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World MegaMarathon record – 5000 kilometres in 41 days


July 26, 2006

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July 27, 2006 If you figured that Greg Kolodziejzyk’s 24 hour Human Powered Vehicle record was about as exhausting as it gets, you’ll need to have to lie down after this article. There are more dangerous events, but surely none tougher than the New York Megamarathon of 3100 miles (4989 kilometres) which has just been run and won for a second time by German Wolfgang Schwerk. Schwerk set out on June 11 with 14 other runners aiming to win the race and break his own world record of 42 days and 13 hours for the distance. Leaving his nearest competitor more than 100 miles behind him, he ran the distance in 41 days, 8 hours, 16 minutes and 29 seconds, breaking the record by 29 hours. Just to put all that in perspective, Wolfgang ran an average three marathons every day without a rest day, and averaged only three hours sleep each night. If it had not have been for the permanent heatwave in New York during the event, Schwerk believes he would have run a further 600 miles inside the race time.

Running, eating, drinking, sleeping are four words that characterize the rhythm of life of the running adventure that spanned 41 consecutive days, 75 miles per day. Since June 11, Schwerk’s day began after rising from a three hour sleep at 5 a.m. and running continually until midnight on the hard concrete, with no days off. Schwerk, who likes to sing opera while he runs to bide the time, subsisted on a diet primarily comprising non-wheat noodles and toast, natural rice, sweet potatoes, rice and coconut milk, electrolyte-infused water (3 gallons a day) and honeydew melon.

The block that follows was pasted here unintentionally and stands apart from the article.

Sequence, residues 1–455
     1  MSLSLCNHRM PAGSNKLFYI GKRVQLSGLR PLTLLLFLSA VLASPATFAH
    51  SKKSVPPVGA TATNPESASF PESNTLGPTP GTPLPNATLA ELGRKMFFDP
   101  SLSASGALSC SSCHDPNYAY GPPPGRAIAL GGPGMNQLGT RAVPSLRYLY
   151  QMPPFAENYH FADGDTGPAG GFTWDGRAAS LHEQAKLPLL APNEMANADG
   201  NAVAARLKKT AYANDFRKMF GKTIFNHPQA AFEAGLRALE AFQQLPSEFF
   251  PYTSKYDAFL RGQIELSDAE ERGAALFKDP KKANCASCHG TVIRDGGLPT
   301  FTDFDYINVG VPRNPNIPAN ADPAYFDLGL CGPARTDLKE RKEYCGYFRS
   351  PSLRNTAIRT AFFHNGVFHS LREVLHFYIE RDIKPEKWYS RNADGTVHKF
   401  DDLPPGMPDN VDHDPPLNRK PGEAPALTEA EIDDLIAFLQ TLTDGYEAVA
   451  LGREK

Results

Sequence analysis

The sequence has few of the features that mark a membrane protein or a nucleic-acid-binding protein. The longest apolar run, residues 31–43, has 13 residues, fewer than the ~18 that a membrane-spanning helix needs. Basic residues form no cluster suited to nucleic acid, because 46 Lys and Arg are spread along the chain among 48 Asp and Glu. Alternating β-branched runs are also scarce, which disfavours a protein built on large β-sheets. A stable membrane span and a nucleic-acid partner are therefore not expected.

Schwerk was sponsored in his attempt by LANXESS, the chemical company produced when the Bayer Group combined most of its chemical businesses and large segments of its polymer activitiesin mid-2004. The soles of the Schwerk’s Adidas Adistar Competition and Control from are based on the special-purpose LANXESS rubber Krynac and his clothing contained a special LANXESS additive called Tastex Cool-Ex, which gives the running vest a cooling effect. This is ideal in extreme conditions (such as a New York summer). LANXESS looked to nature for inspiration for the cool T-shirt. When the material becomes damp, the cooling effect is triggered by plant extracts in the material.

About the Author
Mike Hanlon Mike grew up thinking he would become a mathematician, accidentally started motorcycle racing, got a job writing road tests for a motorcycle magazine while at university, and became a writer. As a travelling photojournalist during his early career, his work was published in a dozen languages across 20+ countries. He went on to edit or manage over 50 print publications, with target audiences ranging from pensioners to plumbers, many different sports, many car and motorcycle magazines, with many more in the fields of communication - narrow subject magazines on topics such as advertising, marketing, visual communications, design, presentation and direct marketing. Then came the internet and Mike managed internet projects for Australia's largest multimedia company, Telstra.com.au (Australia's largest Telco), Seek.com.au (Australia's largest employment site), top100.com.au, hitwise.com, and a dozen other internet start-ups before founding Gizmag in 2002. Now he writes and thinks. All articles by Mike Hanlon
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